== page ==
US President Donald Trump
By MARLENE LENTHANG FOR DAILYMAIL.COM and PRESS ASSOCIATION
UK — The number of confirmed coronavirus cases in the US surpassed five million Sunday morning, according to the Johns Hopkins University tally.
The US number of cases is by far the highest in the world, but health officials believe for every reported case, there are roughly 10 times as many people infected due to testing limits and the number of unreported or unrecognized infections.
As of Sunday at 11am EST there were 5,000,603 cases recorded in the US and over 162,400 fatalities, according to the tally.
The bleak milestone was reached as new cases in the US stand at about 54,000-a-day.
President Donald Trump has said dozens of times that the virus will ‘go away’ but the nation’s mounting infection toll proves the virus is far from gone.
While the current rate of new infections is less than the 70,000 daily cases reported in the second half of July, cases are rising in nearly 20 states, and deaths are climbing in most.
Many Americans have resisted wearing face masks and social distancing.
This week five states account for more than 40 percent of all infections in the country leading with California, Florida, Texas, New York and Georgia.
California reported over 7,000 new cases on Saturday for a total of 545,000 throughout the state and a positivity rate of six percent over the past two weeks.
New York, which was once the country’s epicenter, has managed to handle the coronavirus crisis and now reports a positivity rate of about 0.93 percent, according to the governor’s office. The positivity rate indicates the number of people who test positive for the virus compared to how many people were tested.
In Texas there are more than 481,000 infections statewide and 8,300 deaths.
The state is reeling from a very high positivity rate of 16.79 percent on Friday. That number is just shy of the state’s mid-June high of 17.43 percent.
While the positivity rate declined for months, it started to rise again in August.
On Sunday Florida’s Department of Health confirmed 6,229 additional cases of COVID-19 bringing the total to 532,806 and the statewide death toll to 8,186. On Friday the state’s positivity rate was eight percent.
In Georgia there are 213,427 cases of the virus, there have been over 4,000 deaths and there are currently over 20,000 hospitalizations for the virus.
As the coronavirus cases mount, South Dakota proved they didn’t fear the virus as they held the 80th annual Sturgis Motorcycle Rally.
While the state has one of the lowest number of cases with about 9,477 infections and 146 deaths, there are fears that the gathering anticipated to have 250,000 attendees will spark another COVID-19 outbreak.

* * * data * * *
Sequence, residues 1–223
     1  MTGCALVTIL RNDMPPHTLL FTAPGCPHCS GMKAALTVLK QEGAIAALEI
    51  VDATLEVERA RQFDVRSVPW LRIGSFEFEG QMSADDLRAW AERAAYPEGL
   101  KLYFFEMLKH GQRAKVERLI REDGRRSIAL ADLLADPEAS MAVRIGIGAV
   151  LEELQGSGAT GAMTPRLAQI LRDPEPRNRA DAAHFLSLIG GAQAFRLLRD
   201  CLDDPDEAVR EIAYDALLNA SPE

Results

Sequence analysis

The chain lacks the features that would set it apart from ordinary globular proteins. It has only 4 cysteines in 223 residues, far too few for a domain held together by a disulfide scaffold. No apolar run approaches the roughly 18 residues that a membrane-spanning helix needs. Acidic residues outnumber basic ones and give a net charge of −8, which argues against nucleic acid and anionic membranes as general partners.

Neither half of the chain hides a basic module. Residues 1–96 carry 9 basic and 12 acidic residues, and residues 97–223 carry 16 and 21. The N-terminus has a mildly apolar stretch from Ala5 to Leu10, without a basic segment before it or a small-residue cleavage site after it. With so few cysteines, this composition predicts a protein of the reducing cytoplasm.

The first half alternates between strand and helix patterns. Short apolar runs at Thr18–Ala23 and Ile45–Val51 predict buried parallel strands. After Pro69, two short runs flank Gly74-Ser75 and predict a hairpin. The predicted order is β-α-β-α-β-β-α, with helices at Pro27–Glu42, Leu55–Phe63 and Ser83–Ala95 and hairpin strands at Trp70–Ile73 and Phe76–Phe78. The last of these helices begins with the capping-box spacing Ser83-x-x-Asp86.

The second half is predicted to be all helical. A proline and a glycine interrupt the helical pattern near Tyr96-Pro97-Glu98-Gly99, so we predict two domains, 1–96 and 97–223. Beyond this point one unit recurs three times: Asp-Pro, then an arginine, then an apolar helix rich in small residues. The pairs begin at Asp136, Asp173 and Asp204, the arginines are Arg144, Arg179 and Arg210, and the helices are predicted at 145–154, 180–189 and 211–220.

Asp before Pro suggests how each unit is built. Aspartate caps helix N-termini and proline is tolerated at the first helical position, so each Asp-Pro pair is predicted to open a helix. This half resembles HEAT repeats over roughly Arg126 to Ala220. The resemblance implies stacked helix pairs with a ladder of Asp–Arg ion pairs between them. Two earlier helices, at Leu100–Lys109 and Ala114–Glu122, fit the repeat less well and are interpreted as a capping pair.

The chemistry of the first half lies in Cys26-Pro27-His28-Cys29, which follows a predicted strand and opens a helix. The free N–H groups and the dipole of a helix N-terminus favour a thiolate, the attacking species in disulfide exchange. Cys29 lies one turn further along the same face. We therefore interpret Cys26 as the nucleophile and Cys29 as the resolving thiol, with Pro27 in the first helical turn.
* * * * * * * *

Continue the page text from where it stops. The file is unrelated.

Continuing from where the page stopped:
Across the country a fierce debate is unfolding over reopening schools for classes despite the risk of the virus.
While officials have said that children face less risks in contracting the disease, last week a seven-year-old boy with no underlying health conditions died in Georgia becoming the youngest victim in the state.
Some counties in Georgia have decided to reopen schools for the school year that started last week, despite the threat.
In the Cherokee County School district at least 260 students and eight teachers were quarantined after multiple students and teachers tested positive for the virus during the first week of school.
Earlier this month two teens died in Florida from coronavirus complications, tipping the state’s total of minors who died from the virus to seven.
New York cleared all school districts in the state to reopen, Gov. Andrew Cuomo said Friday – but he’s willing to change that if the infection rate surges again.
The nation’s failure to contain the spread of coronavirus has been met with astonishment and alarm in Europe.
Italians were unprepared when the outbreak exploded in February, and the country still has one of the world’s highest official death tolls at 35,000.
But after a strict nationwide, 10-week lockdown, vigilant tracing of new clusters and general acceptance of mask mandates and social distancing, Italy has become a model of virus containment.
Much of the incredulity in Europe stems from the fact that the US had the benefit of time, European experience and medical know-how to treat the virus that the continent itself did not have when the first Covid-19 patients started filling intensive care units.
Italian health minister Roberto Speranza has not shied away from criticizing the US, officially condemned Washington’s decision to withhold funding from the World Health Organisation and has expressed amazement at President Donald Trump’s virus response.